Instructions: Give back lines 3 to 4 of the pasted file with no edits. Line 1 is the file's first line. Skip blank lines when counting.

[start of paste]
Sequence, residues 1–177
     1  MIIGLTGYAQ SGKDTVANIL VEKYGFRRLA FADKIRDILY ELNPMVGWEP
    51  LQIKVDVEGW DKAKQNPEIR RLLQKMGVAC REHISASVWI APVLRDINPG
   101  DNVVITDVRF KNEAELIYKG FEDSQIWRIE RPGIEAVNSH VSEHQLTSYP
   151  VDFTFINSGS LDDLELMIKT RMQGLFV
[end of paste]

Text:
    51  LQIKVDVEGW DKAKQNPEIR RLLQKMGVAC REHISASVWI APVLRDINPG
   101  DNVVITDVRF KNEAELIYKG FEDSQIWRIE RPGIEAVNSH VSEHQLTSYP